Faculty in Focus Dr Clare Clarke on Sherlock, Crime, and Detective Fiction
17 November 2020 - The Trinity Long Room Hub’s new Faculty in Focus series featured Dr Clare Clarke of Trinity’s School of English in conversation with Professor Eve Patten, Director of the Trinity Long Room Hub.
“I have always been a fan of crime fiction. I think, like a lot of us, I grew up watching Poirot on a Sunday evening with my mum, and Charlie Chan with my grandparents”, commented Dr Clare Clarke as she highlighted her long standing interest in the genre and her most recent book, British Detective Fiction, 1891-1901: The Successors to Sherlock Holmes.
As part of a new online Faculty in Focus format launched by the Hub this week, attendees were treated to a special reading from Dr Clarke’s new book by Professor Darryl Jones, a scholar of popular literature studies at Trinity College Dublin, who has also published on Arthur Conan Doyle.
Professor Jones and Dr Clarke are also the course directors of the recently launched M.Phil. in Modern and Contemporary Literary Studies at Trinity’s School of English.
In the period between completing her undergraduate degree and beginning her master’s at Queens University Belfast seven years later, Dr Clarke said that “crime fiction had suddenly become a legitimate area of study for academics” in a way it never had been before.
A module on 1890s fiction as part of her master’s led her to fall in love with this period. “I started to write about Sherlock and the Gothic and all of those wonderful things that happened in 1890s literature.”
Dr Clarke’s first book, Late Victorian Crime Fiction in the Shadows of Sherlock was published by Palgrave Macmillan in 2014 and in 2015 won the H.R.F. Keating Award for best non-fiction crime book of the year. Exploring how Sherlock was captivated by criminality, Dr Clarke said that similar stories from this period show almost a “celebration of the criminal.”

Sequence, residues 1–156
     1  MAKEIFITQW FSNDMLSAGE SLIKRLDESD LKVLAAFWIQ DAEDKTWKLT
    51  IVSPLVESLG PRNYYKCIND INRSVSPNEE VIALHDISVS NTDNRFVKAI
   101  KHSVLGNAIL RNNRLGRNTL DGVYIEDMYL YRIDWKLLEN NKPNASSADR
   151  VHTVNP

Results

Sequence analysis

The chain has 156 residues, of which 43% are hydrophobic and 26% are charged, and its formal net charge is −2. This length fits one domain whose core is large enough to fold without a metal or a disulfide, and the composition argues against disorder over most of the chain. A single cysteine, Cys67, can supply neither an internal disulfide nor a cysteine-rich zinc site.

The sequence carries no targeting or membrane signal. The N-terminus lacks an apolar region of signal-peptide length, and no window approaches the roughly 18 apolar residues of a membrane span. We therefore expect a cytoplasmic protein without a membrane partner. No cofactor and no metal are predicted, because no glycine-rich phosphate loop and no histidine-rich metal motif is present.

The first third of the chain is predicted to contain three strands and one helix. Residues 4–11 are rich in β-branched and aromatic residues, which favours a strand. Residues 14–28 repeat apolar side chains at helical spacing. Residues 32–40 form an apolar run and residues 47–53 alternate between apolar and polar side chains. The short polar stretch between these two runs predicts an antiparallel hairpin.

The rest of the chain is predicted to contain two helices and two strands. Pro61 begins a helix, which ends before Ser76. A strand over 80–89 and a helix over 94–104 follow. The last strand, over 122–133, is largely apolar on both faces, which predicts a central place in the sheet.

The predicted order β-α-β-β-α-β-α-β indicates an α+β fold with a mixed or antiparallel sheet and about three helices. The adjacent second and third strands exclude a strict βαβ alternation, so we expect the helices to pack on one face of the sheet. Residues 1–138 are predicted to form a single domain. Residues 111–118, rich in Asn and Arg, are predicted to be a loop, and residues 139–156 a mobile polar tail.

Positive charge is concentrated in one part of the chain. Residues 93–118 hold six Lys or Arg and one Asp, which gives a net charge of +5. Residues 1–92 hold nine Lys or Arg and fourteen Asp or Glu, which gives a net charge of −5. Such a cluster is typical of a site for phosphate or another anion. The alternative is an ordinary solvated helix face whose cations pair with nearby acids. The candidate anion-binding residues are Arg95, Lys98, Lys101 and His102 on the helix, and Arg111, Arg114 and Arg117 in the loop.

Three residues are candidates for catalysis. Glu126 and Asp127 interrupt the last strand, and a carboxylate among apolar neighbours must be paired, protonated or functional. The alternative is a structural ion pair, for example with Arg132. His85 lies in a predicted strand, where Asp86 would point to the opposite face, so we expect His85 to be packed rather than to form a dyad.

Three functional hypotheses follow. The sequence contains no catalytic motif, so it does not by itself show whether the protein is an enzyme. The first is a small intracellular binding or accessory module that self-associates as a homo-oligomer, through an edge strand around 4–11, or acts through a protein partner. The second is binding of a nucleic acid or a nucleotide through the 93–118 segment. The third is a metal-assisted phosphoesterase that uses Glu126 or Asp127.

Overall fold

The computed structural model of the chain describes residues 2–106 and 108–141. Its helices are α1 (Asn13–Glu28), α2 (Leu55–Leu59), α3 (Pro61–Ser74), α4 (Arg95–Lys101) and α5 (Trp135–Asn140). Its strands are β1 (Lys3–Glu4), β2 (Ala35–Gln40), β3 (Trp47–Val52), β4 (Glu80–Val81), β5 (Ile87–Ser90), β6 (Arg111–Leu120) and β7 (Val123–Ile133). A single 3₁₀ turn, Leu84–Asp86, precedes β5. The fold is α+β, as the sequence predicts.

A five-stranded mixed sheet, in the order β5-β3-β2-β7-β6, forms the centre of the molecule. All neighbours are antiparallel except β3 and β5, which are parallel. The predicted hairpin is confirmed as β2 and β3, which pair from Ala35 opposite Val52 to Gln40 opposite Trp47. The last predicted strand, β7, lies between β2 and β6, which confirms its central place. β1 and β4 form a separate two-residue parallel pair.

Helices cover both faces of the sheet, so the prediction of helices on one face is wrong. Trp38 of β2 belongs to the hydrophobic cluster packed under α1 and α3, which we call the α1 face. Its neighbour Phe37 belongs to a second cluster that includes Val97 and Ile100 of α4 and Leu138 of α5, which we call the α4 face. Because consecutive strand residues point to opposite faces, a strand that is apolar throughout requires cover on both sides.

As the detective crime genre continues to fascinate in popular media, so too does Sherlock Holmes and new adaptions of the fiction series, including the most recent Netflix film featuring Holmes’ sister as protagonist, something which Dr Clarke recently wrote about in the Irish Independent.
Earlier this year, Dr Clarke was awarded the Provost’s Project PhD Award for a fully-funded four-year project “Situation Sherlock: mapping space and place in Arthur Conan Doyle’s Sherlock Holmes.’ The award comprises the student’s full tuition fees (EU or non-EU) and an annual stipend. The “Situating Sherlock” project charts places and locations in the Sherlock Holmes stories published in The Strand Magazine between 1891 and 1927, identifying and recording geographical patterns in order to create a series of open-access digital maps and geo-visualisations of the spaces and places visited by the tales’ detectives and criminals.
To find out more about Clare and her research, click here.